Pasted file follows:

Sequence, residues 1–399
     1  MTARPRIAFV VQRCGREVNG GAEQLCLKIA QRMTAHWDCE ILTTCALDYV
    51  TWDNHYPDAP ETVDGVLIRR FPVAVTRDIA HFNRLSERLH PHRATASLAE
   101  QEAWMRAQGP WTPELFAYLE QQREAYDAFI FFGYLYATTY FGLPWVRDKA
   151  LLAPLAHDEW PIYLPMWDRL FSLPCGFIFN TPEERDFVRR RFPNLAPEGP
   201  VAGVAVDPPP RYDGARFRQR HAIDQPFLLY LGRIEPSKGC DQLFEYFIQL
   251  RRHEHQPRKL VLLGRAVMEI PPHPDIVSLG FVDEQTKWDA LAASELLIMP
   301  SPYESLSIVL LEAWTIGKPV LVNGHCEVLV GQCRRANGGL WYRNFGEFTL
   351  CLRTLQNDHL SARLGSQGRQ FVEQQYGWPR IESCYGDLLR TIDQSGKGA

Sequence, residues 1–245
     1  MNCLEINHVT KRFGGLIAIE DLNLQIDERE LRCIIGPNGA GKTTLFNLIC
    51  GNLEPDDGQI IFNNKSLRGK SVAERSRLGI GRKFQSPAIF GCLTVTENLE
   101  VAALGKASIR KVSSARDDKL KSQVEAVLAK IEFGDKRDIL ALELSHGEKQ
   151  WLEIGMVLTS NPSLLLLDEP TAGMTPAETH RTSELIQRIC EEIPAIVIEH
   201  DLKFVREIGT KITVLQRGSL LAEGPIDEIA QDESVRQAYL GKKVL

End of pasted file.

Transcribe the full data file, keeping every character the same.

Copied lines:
Sequence, residues 1–399
     1  MTARPRIAFV VQRCGREVNG GAEQLCLKIA QRMTAHWDCE ILTTCALDYV
    51  TWDNHYPDAP ETVDGVLIRR FPVAVTRDIA HFNRLSERLH PHRATASLAE
   101  QEAWMRAQGP WTPELFAYLE QQREAYDAFI FFGYLYATTY FGLPWVRDKA
   151  LLAPLAHDEW PIYLPMWDRL FSLPCGFIFN TPEERDFVRR RFPNLAPEGP
   201  VAGVAVDPPP RYDGARFRQR HAIDQPFLLY LGRIEPSKGC DQLFEYFIQL
   251  RRHEHQPRKL VLLGRAVMEI PPHPDIVSLG FVDEQTKWDA LAASELLIMP
   301  SPYESLSIVL LEAWTIGKPV LVNGHCEVLV GQCRRANGGL WYRNFGEFTL
   351  CLRTLQNDHL SARLGSQGRQ FVEQQYGWPR IESCYGDLLR TIDQSGKGA

Sequence, residues 1–245
     1  MNCLEINHVT KRFGGLIAIE DLNLQIDERE LRCIIGPNGA GKTTLFNLIC
    51  GNLEPDDGQI IFNNKSLRGK SVAERSRLGI GRKFQSPAIF GCLTVTENLE
   101  VAALGKASIR KVSSARDDKL KSQVEAVLAK IEFGDKRDIL ALELSHGEKQ
   151  WLEIGMVLTS NPSLLLLDEP TAGMTPAETH RTSELIQRIC EEIPAIVIEH
   201  DLKFVREIGT KITVLQRGSL LAEGPIDEIA QDESVRQAYL GKKVL